Humble and Competent, Rudy’s is fantastic food set in paradise
With stucco-looking walls, dim lighting and a slightly cramped dining room, Rudy’s has more of a laid-back, unpretentious Mediterranean feel than the chichi French restaurants on the islands. The food matches. The place and its food exude humble, effortless, understated brilliance.
We came here during our honeymoon in October, 2017, looking to have a spiffy and nice dinner, but not an evening gown-and-tuxedo affair.
Rudy’s picked us up for the dinner in a no-frills minivan, along with another couple. They will pick you up from anywhere on the island. We later observed our van driver performing other roles at the restaurant, including bussing our table.
There is a can’t miss sense of experienced competence at Rudy’s. When we first called for a ride that evening, we tried to relate to the man who answered where we were on the island (since they have no addresses), and my descriptions failed. The man had a wizened air and said, in very good English, that we’d have to call back when we had a better description. It was clear he didn’t have time to figure it out from my long-winded explanation. But here’s the thing: we kind of appreciated that. It helped us to get in line with the island’s geography, and it let me know that we were dealing with a competent person at an important place, who above all, was busy.
When we arrived, we found out why he was busy. The man was our waiter. He looked to be in his early 60s, and he seemed as if he had worked there for decades. He knew something about each dish. When Jim asked what he should have, he immediately responded that the Crab-Stuffed Parrotfish was their specialty, the dish that put them on the map. When Tiffany, who loves steak and loves cheese, ordered the filet in the sherry sauce, but with melted Roquefort on it as well, he took on a look of immediate consternation and explained immediately how that would throw off the entire dish.
Let’s stop there because we really appreciated that. In the United States, at a casual dining restaurant, the response you’d get to such a request is, “Sure! Anything else?” At a higher-end restaurant, it would be, “Are you sure you want both on there?” His response was (I’m paraphrasing, but not by much), “You don’t want that. It would ruin the dish.” So we got the wine reduction sauce on the side, and he was right. It was better not having been mixed in.
Now, let’s return to the narrative before getting back to the filet. We started a 2015 French Gewurtztaminer by J. Riehl. We’d never had that type of wine, but it was very comparable to a Riesling, and we enjoyed it. It was served in a tableside bucket stand, where it stayed on ice.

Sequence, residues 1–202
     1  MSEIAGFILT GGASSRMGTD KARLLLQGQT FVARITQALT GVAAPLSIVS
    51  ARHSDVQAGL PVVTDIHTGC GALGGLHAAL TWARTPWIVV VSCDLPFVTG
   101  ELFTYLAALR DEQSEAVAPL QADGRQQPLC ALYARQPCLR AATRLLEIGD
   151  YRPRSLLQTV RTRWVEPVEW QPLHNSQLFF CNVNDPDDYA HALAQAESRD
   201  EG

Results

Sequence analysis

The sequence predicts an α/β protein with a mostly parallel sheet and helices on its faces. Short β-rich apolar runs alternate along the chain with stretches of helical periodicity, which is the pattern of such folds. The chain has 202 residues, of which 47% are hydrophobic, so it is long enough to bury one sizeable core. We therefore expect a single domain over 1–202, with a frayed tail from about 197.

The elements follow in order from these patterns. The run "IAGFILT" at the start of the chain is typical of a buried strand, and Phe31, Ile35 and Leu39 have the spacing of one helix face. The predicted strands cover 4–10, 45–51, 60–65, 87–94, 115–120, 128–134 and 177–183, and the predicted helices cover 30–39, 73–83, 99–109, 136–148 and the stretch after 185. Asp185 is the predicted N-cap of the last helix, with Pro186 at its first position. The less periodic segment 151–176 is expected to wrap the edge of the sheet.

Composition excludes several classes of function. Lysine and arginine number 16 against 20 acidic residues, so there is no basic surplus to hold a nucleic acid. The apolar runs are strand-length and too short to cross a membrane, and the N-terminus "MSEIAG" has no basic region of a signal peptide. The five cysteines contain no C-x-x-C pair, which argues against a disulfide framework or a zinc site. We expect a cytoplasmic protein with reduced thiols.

Our appetizer was the warm goat cheese salad, with slices of delectable goat cheese on crisp croutons, with greens tossed in a mustardy-vinegar dressing. It was wonderful, and we both agree that it was among the top things we ate during the entire vacation.
Our main courses were equally good. He did not steer us wrong with the Crab-Stuffed Parrotfish (though I’d been just a smidge apprehensive because earlier that day we’d been snorkeling within five feet of a parrotfish). It was very flavorful. Tiffany’s filet (with Sherry sauce on the side) was tender and done perfectly. She is a bit of a filet connoisseur, and I believe she ranked it as the second-best filet we had in French Polynesia. Both dishes were served with a slab of thinly-sliced potatoes.
For dessert, we downed the Chocolate Lava Cake. It was served swimming in cream and chocolate sauce, and we absolutely savored it. The fact that I can tell you it was the best Chocolate Lava Cake we had on the islands should clue you into how many of those we ate, and this one was the best.
We had been shuttled to the restaurant with another American couple, who were in the restaurant business as well. It was clear that they are regulars, or as close as a couple living 6,000 miles away could be to regulars. From the time they entered the restaurant, they had been asking for Rudy. They wanted to speak with him and take a picture. The grizzled waiter kept putting them off, but at about the third request, at the end of the meal, he finally brought out a reluctant Rudy.
Apart from telling him about how much they enjoyed his steak, the couple wanted to tell Rudy about the benefits of getting on Yelp, to which Rudy gave nothing but a polite nod. He then reluctantly posed for a photo and headed back to the kitchen to get to work.
We enjoyed that episode for many reasons, but mostly because of this: the restaurant, it turns out, is a perfect reflection of its proprietor. It’s modest, not picturesque, doesn’t deal in pomp, pageantry and grandeur. It’s just DAMN GOOD. Rudy, his staff and his restaurant are about quality and competence, and that’s what you get. 5/5.